I’m just an average guy that started an online store to sell old games, cookbooks, anything I think is cool. http://www.neighborhoodvalues.com
    The hope is to grow the business into a operation that provides a comfortable income. So far I’m a one-man operation, and up until November 2002 I was getting orders on my web site occasionally. I supplemented that by selling on eBay. November everything changed. Since then, I’ve been getting orders every day. Which is great! But, there always is a but!
    I find little time for things like family, recreation, sleep. That’s to be expected if you go into business for yourself. Keeping up with all the State and Federal paperwork takes up valued time that could be devoted to selling.
    What’s it going to be like when I have to process sales tax info for 50 states?
    I’m already seen web sites that will handle this for a fee. $1500.00 set up $250.00 per year.
    Can I justify this expense when I sold just $13,000.00 worth of merchandise in 2002? I don’t think so.
    With shipping charges always increasing and adding a sales tax to the equation, it might just price me out of the online market.
    I feel that this just might squash the new Millennium’s American Dream!
    If I have to process sales tax info for all 50 states, it’s not worth my time. I’d make more if I became a Greeter at Wal-Mart. Sad but True.
    In my opinion a web sales tax will kill all kinds of small Mom & Pop net sites.
    Open to suggestions!
    Dave

  • E-tailers strutting around?!? Most E-tailers will be lucky to see another holiday shopping

    season. On-line retailers are dropping like flies, most of them never having seen a profit.

    The internet sales tax will simply kill off the remaining firms.

    Here’s a prediction: when Amazon closes the doors sometime in the next year or so,

    on-line shopping can be considered to be dead. State Governors and local retailers will cheer.

  • To say that bricks and mortar retailers are at a disadvantage is not true. If I purchase a 20.00 cd or book online i’m ususally subject to shipping and handling charges, which are more than any jurisdictions sales tax in the U.S. These shipping charges clearly outweigh the benefit of saving on sales tax for a consumer. If you wan’t to cry like a Democrate about fairness, than lets make all bricks and mortar purchases subject to shipping and handling charges, and lets make it real difficult to report and collect these charges so that more compliance audits are needed and business owners will have to waste money on CPA’s to figure out the damn law and reporting requirments just as internet businesses would if there is a sales tax. C’mon stop your crying get educated do the math.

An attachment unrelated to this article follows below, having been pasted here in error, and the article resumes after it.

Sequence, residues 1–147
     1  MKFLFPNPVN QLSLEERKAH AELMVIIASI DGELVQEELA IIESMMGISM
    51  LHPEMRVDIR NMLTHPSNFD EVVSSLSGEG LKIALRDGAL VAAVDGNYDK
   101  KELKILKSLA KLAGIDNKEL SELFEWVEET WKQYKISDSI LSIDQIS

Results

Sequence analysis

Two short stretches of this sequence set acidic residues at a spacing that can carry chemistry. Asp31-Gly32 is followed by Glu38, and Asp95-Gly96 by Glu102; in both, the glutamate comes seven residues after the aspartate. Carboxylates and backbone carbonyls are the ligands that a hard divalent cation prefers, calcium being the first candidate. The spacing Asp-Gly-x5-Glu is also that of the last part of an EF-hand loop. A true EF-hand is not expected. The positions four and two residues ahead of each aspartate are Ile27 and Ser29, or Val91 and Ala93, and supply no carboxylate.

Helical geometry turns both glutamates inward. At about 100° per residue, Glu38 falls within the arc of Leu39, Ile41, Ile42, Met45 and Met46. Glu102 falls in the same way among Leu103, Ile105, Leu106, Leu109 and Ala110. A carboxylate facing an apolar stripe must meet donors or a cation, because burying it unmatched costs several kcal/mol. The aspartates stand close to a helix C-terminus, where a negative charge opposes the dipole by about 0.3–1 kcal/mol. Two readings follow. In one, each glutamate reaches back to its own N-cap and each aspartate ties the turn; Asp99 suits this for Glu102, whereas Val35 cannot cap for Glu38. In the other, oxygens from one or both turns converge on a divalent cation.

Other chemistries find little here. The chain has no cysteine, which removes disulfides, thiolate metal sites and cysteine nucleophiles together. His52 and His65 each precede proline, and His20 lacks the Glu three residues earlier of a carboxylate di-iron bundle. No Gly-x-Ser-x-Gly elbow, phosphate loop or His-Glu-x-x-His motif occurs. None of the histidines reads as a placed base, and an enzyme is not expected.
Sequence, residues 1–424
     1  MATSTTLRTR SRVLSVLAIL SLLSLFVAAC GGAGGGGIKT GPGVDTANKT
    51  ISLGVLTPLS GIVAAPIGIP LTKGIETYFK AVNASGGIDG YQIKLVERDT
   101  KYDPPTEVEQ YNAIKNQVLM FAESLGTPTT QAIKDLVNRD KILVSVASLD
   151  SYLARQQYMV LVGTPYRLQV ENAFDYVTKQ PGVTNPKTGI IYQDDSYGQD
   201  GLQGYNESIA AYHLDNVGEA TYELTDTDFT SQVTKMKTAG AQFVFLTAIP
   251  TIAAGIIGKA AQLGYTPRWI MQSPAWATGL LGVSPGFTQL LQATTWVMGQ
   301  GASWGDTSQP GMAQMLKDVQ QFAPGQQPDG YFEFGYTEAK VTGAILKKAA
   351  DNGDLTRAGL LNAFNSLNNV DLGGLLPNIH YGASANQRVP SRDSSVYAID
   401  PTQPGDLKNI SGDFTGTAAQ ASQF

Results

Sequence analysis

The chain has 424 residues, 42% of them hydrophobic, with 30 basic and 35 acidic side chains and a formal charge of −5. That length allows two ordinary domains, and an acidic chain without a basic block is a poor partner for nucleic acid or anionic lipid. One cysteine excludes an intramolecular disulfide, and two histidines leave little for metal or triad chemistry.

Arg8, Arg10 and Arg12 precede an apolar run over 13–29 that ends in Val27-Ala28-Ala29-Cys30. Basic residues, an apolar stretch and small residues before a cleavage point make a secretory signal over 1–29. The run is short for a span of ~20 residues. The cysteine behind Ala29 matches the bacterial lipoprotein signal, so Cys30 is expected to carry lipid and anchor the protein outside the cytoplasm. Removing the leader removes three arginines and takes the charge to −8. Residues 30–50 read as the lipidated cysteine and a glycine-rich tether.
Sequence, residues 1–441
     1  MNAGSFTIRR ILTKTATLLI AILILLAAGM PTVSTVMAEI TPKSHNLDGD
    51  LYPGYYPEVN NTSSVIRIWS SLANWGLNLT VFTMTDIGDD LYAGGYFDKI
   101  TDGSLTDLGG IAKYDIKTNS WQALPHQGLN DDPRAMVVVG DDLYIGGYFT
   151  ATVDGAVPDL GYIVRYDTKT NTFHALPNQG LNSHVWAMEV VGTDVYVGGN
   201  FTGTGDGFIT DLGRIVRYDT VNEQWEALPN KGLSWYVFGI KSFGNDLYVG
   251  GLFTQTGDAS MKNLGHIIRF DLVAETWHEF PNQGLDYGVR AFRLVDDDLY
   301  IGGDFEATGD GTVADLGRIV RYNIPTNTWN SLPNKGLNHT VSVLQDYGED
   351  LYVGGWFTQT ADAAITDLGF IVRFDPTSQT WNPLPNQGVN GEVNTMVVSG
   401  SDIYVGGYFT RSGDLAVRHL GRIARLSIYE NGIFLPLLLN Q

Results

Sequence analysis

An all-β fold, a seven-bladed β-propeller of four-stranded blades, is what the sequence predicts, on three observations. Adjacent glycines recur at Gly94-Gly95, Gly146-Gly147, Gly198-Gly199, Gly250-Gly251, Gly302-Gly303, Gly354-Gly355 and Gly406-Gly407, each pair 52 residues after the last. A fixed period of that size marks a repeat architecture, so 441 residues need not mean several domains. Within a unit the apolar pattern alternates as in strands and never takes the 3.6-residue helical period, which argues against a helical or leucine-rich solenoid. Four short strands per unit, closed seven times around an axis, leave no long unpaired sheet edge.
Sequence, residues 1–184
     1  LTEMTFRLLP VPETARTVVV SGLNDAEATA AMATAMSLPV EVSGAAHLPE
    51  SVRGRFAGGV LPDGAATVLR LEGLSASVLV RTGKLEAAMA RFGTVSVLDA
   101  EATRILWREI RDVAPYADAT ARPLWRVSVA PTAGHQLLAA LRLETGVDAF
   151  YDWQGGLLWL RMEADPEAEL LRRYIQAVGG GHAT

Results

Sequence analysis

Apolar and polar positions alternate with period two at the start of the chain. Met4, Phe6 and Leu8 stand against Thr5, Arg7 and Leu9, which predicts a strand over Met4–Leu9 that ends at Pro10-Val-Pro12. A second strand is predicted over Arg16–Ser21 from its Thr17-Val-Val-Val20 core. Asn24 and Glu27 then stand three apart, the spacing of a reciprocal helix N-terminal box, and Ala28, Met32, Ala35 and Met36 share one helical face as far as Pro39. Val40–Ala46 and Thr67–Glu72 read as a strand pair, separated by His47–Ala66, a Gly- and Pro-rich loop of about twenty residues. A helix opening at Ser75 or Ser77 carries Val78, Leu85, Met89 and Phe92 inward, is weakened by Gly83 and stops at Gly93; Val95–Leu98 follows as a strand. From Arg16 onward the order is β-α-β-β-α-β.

• I hope the inter net tax never comes about.Our government is the biggest busines monopoly in the world.Every time a new efficient way of conducting business comes along our wonderful government starts thinking up ways of taxing it.Example our wonderful government is now toying with the idea of taxing email, because the post office is loseing money. Why should consumers be forced to support a business that cant keep up with the current trends? If the post office were a private company it would have to reinvent itself or be replaced by another more efficient company, and for the excuse that the government is loseing valuable revenue to support local schools and other municipal projects, I dont buy it! Look at what the state governments did with the money they recieved from lottery’s. They sqaundered it. Every time they get there gruby hands on new tax revenue they sqaunder it!We AM ericans pay enough in employment taxes; state, federal, FICA, and the list goes on and on. I think we are entitled to save a little money here and there. I think we should tax the political figures who come up with these stupid greedy ideas, that would be enough revenue to buy everyone in the U.S. a new 200,000 dollar home.